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Old 04-20-2001, 02:55 PM
Gregg Bambo Jr
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Before I consider the expense and time of an engine swap, be it M130, GM or Ford, for my sluggish 1963 M127, I am thinking about having my cam reground. Advice from a friend stated that automakers cam grinds are a compromise and his cars performance was dramatic after having his cam reground by an expert. My problem is that my MBZ maintenance manual completely skips over a discription of cam removal and installation. In looking at the manual pictures it appears that after setting the engine up at #1TDC, it should be a simple procedure of just disengaging the cam chain drive sprocket and unbolting the rocker arm platforms. Is that an oversimplification or should I have an expert with special tools remove the camshaft? Although I have personally overhauled a 1964 Jaguar 3.8 six cylinder engine, I have never worked on a Mercedes engine before.
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Old 04-20-2001, 05:01 PM
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Join Date: Dec 2000
Location: Long Island, NY
Posts: 3,651
With the engine in the car, CAM removal for any '60s benz straight-6 is as follows:

1. Remove cylinder head.
2. Cam is now off.

Not fun, but that's how it has to be done. The cam pedistals are held on with head bolts. Too many of them have to be removed to get the towers off. You CAN remove the cams on the v8s because of the difference in bolt patterns.

With the engine out of the car, the cam can be slipped off backwards; which would be through the firewall and into the passenger with it in the car.

Contact Elgin cams (they have a website I think) for regrind info. They have lots of vintage MB experience.

However, I don't anybody that has reground a benz cam, just to get more out of a suggish engine. If a benz engine is being a dog, it's either because it IS a dog, or it is in need of major overhaul. Is your compression OK? Did you use copper or platinum plug? Perhaps your fuel delivery system is in major need of help? What about your ignition system?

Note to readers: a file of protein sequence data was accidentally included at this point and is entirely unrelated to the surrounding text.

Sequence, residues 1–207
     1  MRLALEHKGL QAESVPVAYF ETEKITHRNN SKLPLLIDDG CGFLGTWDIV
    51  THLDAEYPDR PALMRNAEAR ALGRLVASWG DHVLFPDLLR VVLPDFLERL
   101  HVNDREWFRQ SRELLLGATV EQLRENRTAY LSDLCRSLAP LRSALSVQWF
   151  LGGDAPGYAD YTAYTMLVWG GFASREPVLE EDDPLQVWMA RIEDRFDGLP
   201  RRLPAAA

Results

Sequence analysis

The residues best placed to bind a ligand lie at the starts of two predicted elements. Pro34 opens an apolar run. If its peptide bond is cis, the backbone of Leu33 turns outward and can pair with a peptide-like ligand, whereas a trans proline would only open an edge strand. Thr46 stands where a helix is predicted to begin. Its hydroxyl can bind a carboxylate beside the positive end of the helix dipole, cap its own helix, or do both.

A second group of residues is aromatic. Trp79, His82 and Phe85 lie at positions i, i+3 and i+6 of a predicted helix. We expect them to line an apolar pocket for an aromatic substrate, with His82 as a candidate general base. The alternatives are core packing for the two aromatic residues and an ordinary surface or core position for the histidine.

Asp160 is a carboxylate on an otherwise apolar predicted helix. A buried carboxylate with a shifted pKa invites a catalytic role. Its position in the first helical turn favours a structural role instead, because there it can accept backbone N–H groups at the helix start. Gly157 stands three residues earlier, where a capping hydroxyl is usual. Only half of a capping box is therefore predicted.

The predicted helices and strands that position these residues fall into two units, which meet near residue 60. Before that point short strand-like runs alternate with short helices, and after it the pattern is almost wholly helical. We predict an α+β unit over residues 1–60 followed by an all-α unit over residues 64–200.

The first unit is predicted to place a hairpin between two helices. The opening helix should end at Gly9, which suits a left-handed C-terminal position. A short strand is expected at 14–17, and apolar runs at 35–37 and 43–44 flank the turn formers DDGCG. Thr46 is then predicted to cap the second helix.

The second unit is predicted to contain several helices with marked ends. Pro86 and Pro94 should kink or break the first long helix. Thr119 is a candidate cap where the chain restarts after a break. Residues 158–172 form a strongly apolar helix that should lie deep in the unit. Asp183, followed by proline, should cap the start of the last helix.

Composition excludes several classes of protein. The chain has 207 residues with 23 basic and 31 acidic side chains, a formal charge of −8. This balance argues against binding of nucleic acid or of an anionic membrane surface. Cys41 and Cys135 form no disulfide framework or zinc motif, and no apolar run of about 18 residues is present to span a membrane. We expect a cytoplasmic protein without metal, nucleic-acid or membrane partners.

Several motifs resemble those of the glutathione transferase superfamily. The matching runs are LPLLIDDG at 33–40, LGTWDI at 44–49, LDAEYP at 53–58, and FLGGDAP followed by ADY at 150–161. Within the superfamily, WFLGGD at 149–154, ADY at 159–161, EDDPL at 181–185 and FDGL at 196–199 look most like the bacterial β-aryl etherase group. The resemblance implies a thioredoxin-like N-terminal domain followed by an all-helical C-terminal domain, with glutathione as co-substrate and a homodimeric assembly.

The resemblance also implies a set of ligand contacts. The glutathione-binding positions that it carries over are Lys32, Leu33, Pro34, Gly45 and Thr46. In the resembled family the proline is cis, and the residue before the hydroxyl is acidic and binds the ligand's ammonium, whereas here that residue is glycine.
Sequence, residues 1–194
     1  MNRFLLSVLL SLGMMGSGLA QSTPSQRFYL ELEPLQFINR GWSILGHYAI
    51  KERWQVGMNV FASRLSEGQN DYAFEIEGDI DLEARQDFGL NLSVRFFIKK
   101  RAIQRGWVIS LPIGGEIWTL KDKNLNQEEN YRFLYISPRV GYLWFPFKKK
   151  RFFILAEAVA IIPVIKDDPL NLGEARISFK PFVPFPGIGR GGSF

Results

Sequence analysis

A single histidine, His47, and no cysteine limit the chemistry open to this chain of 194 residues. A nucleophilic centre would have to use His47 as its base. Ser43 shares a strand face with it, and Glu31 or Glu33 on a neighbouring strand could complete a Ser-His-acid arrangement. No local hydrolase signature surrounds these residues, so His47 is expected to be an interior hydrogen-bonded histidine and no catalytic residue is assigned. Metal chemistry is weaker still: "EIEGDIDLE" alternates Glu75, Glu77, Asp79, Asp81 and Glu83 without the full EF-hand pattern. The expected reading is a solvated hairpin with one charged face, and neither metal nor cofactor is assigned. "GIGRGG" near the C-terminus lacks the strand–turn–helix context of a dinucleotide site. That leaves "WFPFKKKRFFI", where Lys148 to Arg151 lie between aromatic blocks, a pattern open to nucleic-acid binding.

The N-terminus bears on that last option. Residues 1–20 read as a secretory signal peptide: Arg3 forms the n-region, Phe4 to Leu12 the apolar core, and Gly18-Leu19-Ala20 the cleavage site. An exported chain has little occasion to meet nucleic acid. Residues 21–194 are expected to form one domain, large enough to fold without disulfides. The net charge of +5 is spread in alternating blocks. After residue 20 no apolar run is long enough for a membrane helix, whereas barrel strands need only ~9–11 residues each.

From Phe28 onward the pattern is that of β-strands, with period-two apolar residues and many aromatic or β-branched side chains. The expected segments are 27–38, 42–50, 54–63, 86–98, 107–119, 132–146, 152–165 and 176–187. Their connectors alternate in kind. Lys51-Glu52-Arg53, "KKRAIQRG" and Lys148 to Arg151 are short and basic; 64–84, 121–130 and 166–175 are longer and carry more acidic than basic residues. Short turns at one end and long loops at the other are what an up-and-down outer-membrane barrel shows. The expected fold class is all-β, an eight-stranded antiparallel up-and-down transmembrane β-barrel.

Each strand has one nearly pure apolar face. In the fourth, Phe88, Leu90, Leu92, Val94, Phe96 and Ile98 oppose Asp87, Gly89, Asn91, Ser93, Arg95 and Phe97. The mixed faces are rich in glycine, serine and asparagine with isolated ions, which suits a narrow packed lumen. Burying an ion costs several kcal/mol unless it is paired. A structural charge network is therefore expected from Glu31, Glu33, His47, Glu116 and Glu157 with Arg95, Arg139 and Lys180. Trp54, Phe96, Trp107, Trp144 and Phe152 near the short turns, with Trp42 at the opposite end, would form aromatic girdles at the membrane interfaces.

There are three versions of that engine, the "standard", "low compression" and "USA spec". Knowing your engine number can identify it.

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Old 04-20-2001, 05:35 PM
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R&R Camshaft

Removing and replacing the cam on a 103 engine does not require removing the cylinderhead.
It is instructed very thoroughly in the M/B Engine Service Manual.
If you anticipate renewing the Timing Chain at this time, a chain splitter is required. These can be rented from M/B parts suppliers.
If your cam is reground the heat treated surfaces would be removed and both the cam and followers would wear very rapidly if the cam were not re heat treated and this would require a very complex process.
Your cam is either case hardened or nitrided.
To go in depth as to the processes involved in the manufacturing would be 1 BIG BOOK.
There are after market performance cams available and they don't come cheap, how about $5-600.00. and cam manufacturers will not warrantee the came without new camfollows(lifter)12 req'd, 24 for 4 valve engines.
The costs just keep climbing and for a driver the end results may not give you what you want.
The cam may require improved exhaust.
I think you can see where we are leading.
Happy Trails Beep Beep from Houston!!!
Don, El Cheapo
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Old 04-20-2001, 05:47 PM
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Location: Long Island, NY
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Perhaps, but a 103 engine is not a '60s straight 6.

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Old 04-20-2001, 06:50 PM
Gregg Bambo Jr
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M127.984 engine cam

Thanks for the helpful advice gents. I'll make contact with Elgin Cams and find out what their grinding/finishing process is and whether they have a lobe grind that will help me any. My fuel injected 6 cylinder engine only has 85,000 miles on it and runs as smooth as a fine watch in level cruise. Again the annoyance is a lack of performance going up a grade requiring me to downshift, to keep up with the traffic. By the way "dswnfrd", the manual illustration for my engine shows the only surface contact that the cam lobe has, is making contact with the off center top of a rocker arm and the rocker arms tip makes contact with a spacer and adjustment assembly as opposed to any type of lobe contact with a lifter. Now I'm off to the garage to take a compression test.
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